FIREFLY #25, available Wednesday from BOOM! Studios, is about to answer many of the questions fans have been holding onto all these years. Namely, what happened to the crew, after the battle in Serenity?
Serenity released back in 2005, and one of the questions fans always wondered about is what would happen next. Well, their first question was one full of hope for a sequel, if we’re being completely honest here.
Firefly #25 is an issue that jumps forward in time, to a point after the events of Serenity. The goal, naturally, is to answer many questions that the fans have had about what would have happened to the surviving characters following the fall of the Alliance.
I went into Firefly #25 more or less expecting the series to pick up right where the movie left off (give or take a few years). What I got instead was a bit more of a surprise. This first issue doesn’t drop the past events of the comics, but instead merges both worlds together.
It’s going to be interesting to see how Greg Pak continues to integrate these two plots, as in many ways it feels like we’re dealing with many changes. There’s the obvious of course, but it goes beyond that as well.
This is an issue that is both surprising – in the twists that it brings with it, and just a little bit disconsolate. There’s a real feeling of loss mixed throughout the pages. As there should be. It’s a sentiment that many fans can relate to, both following the end of the movie, and the cancellation of the series.
It makes for a melancholy start to this new plot arc, but it’s balanced nicely by the intrigue that has created. As I already hinted at, there are many changes happening, some of which will make sense to long time readers. Others that are clearly meant to be explained at a later point.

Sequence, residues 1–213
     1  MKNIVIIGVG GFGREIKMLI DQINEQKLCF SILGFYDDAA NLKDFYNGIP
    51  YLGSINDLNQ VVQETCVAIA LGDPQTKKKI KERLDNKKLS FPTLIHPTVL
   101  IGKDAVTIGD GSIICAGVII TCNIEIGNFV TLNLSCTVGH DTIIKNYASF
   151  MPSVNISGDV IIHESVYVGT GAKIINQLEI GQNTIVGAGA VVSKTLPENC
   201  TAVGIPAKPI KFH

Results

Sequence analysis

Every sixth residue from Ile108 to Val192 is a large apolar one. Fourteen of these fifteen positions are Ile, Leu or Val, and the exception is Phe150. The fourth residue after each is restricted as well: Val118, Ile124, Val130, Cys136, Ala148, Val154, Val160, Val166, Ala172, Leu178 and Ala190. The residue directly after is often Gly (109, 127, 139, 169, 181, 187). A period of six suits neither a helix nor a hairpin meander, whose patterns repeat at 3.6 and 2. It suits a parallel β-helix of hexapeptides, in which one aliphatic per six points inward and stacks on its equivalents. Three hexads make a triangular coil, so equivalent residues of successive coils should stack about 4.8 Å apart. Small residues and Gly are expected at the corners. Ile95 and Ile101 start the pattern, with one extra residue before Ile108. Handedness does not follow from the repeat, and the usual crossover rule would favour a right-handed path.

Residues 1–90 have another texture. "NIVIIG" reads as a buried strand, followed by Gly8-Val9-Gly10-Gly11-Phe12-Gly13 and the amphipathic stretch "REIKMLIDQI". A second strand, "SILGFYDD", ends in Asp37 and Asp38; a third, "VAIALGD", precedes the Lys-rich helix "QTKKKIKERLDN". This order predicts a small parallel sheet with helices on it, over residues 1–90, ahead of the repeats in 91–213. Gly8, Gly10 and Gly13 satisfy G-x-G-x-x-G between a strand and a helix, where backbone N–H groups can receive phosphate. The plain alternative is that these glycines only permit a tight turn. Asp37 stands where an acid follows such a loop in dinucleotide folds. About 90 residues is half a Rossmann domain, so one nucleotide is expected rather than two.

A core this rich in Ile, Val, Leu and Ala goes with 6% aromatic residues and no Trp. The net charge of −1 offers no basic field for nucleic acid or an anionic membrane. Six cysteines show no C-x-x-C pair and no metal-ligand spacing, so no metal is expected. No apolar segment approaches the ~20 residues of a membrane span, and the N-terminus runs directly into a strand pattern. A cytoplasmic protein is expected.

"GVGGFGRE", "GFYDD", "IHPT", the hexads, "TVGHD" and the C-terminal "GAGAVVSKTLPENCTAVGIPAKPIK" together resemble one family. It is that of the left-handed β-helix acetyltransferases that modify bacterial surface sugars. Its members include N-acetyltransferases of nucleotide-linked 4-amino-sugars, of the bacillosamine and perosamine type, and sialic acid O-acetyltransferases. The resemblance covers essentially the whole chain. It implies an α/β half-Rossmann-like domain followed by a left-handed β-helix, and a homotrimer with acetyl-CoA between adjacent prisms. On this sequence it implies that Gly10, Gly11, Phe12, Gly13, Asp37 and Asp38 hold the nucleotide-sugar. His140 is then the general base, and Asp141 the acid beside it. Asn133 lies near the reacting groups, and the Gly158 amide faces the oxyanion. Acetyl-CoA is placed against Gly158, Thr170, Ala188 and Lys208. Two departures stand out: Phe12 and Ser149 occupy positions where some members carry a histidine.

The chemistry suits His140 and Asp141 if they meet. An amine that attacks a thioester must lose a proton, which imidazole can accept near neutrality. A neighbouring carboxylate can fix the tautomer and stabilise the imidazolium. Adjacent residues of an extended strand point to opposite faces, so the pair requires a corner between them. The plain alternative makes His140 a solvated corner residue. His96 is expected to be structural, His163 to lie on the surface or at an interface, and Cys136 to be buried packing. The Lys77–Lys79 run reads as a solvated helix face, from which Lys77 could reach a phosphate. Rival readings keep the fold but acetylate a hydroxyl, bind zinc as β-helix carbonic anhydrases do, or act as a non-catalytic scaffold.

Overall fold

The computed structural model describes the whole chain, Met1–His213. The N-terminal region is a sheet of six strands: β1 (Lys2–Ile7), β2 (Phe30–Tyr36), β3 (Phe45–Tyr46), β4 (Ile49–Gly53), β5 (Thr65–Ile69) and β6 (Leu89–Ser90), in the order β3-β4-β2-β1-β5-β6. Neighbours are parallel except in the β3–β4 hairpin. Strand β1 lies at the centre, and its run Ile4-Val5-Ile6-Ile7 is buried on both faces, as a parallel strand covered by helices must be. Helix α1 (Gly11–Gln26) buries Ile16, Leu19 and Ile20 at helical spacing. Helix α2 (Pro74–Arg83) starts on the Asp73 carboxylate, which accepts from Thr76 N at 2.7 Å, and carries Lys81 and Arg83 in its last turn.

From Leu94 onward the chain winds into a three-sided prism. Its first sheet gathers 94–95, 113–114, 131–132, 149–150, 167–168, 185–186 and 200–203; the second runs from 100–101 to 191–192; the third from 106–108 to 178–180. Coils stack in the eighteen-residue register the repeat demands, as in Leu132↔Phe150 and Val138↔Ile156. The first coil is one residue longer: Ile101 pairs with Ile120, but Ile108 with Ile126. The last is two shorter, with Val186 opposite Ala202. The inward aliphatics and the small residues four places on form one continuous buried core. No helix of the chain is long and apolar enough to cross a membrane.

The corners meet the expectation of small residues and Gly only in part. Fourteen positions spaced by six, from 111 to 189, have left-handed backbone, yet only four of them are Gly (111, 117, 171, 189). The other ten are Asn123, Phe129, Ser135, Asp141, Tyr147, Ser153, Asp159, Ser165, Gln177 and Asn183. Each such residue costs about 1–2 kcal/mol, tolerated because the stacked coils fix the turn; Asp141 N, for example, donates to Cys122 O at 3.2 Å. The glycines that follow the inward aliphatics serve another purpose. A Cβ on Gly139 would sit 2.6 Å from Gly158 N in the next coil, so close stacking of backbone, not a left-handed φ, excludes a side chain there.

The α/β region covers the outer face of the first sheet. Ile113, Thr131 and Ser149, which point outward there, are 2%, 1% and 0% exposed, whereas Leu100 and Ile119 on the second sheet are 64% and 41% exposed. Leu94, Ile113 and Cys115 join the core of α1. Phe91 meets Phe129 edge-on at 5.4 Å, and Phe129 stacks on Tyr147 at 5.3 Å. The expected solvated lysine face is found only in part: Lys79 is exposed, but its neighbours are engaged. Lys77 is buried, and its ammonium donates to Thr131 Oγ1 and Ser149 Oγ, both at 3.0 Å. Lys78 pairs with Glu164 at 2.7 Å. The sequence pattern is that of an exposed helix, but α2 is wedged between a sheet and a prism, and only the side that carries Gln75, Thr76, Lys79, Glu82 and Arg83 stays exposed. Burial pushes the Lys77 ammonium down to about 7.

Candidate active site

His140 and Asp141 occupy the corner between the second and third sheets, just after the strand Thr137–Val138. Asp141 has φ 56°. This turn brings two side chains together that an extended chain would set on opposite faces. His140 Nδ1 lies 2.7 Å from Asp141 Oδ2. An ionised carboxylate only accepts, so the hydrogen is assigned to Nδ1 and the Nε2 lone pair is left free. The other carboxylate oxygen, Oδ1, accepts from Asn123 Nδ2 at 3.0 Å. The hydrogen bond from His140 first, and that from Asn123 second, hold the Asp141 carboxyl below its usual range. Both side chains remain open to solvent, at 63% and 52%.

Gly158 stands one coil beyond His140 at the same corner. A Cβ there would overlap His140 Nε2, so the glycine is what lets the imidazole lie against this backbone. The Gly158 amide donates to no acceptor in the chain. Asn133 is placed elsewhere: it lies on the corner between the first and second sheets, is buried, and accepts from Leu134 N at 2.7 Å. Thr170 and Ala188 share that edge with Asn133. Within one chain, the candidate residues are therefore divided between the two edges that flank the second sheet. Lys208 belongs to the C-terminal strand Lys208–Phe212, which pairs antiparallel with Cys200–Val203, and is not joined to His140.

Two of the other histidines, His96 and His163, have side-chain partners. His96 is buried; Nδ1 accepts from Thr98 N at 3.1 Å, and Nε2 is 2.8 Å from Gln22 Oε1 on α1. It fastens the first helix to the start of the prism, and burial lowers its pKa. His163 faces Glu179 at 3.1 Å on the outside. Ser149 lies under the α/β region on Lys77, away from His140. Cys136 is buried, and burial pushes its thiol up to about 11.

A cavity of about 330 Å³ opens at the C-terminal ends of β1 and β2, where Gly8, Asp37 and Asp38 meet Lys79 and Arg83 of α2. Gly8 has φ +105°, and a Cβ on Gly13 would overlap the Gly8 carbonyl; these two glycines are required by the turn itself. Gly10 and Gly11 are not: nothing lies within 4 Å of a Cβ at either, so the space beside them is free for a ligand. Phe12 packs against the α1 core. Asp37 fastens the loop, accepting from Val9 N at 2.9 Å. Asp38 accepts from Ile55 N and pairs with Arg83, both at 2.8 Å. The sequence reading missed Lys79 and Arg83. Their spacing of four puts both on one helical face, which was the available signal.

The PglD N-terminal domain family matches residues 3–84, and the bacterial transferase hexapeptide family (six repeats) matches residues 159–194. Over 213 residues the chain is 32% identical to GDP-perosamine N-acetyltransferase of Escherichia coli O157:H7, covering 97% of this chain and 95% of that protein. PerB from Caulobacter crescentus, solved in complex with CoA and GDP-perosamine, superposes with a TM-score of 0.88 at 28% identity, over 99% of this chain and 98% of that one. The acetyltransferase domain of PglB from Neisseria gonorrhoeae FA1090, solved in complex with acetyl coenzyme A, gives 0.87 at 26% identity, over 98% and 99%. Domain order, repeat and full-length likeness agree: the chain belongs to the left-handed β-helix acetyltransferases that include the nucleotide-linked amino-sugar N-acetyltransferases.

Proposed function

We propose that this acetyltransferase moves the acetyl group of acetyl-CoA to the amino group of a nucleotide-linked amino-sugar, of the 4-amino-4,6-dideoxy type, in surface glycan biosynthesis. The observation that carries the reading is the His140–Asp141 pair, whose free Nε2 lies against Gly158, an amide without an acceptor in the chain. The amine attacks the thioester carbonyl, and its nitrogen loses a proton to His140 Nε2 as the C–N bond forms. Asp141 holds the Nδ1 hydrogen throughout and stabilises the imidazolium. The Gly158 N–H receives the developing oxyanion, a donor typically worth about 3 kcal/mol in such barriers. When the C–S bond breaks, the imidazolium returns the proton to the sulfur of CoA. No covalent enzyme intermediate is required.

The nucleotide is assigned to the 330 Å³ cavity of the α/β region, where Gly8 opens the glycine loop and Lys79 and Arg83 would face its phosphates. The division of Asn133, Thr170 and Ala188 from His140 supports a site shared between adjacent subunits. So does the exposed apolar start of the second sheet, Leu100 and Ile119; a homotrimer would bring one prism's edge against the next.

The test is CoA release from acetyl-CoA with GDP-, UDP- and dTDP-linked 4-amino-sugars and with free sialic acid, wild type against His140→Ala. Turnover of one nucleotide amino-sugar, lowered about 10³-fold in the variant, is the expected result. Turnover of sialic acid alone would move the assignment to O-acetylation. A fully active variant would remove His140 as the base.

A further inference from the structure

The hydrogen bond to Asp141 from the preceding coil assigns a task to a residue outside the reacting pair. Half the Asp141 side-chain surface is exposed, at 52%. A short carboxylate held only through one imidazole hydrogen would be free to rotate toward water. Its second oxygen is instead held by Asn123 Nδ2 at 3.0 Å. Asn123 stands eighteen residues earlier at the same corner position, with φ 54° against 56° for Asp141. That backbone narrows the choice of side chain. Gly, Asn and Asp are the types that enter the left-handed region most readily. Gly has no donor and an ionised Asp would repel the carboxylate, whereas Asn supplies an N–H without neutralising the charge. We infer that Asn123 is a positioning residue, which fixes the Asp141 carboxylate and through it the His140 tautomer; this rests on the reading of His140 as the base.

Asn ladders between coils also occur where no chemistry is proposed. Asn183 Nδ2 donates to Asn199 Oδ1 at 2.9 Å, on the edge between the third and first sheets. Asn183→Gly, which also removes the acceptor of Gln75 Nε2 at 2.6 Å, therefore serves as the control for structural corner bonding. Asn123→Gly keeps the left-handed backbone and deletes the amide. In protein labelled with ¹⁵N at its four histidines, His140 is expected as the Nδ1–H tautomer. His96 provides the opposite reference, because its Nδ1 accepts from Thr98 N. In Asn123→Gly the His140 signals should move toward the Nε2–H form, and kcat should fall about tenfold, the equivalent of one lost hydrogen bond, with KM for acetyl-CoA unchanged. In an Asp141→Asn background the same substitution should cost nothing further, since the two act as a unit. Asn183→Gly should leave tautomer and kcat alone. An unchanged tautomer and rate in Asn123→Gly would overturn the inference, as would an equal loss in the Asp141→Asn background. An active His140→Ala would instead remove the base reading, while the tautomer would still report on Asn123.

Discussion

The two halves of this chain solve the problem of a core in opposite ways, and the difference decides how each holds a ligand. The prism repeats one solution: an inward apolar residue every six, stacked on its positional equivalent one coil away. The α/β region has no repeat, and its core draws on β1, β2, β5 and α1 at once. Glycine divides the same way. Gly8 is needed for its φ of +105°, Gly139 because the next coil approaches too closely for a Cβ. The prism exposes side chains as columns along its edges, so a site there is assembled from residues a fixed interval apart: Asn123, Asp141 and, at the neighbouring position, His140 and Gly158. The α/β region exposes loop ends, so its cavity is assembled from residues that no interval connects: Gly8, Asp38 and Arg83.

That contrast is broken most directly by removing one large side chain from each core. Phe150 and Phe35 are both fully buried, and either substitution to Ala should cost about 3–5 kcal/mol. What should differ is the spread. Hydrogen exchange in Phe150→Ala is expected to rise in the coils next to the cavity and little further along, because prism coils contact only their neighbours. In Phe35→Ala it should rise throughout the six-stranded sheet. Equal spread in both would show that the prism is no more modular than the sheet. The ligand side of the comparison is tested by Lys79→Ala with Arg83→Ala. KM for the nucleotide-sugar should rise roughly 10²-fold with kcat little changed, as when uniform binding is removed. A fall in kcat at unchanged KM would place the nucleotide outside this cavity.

Where Firefly #25 has to merge two major plot points together, the artwork has, even more, to contend with. Yet it rises to the occasion, portraying a variety of scenes, characters, and changing dynamics in flawless transitions.
Pius Bak was the lead artist for this issue, toeing a careful line for the characters. Many are immediately recognizable, while still clearly showing signs of time passing (painfully so, in some cases). It’s not just in the way they dress, but in the way, they’re portrayed to carry themselves.
Marcelo Costa’s colors brighten up the scenes, even those of a more sober variety. The backdrops are understated, yet compliment the tone of the series as a whole. It’s when something shocking occurs, or power is running free, where the colors really seem to steal the show.
The lettering, provided by Jim Campbell, is the final touch necessary for this series. The highlight, in this case, would have to be the sense of action and feel of combat that the lettering carries. All while leaving room for a narrative twist on things.
Firefly #25 is not exactly the issue that I was expecting. But it has already done a solid job of holding my interest. It’s hard to say how new fans would feel, jumping in at this point, but those that have been following the series will almost certainly pick up on those somber tones.
Ultimately, this first issue in this new plot arc will leave fans hoping that things get better for those characters involved. All while being very curious about what is actually happening behind the scenes.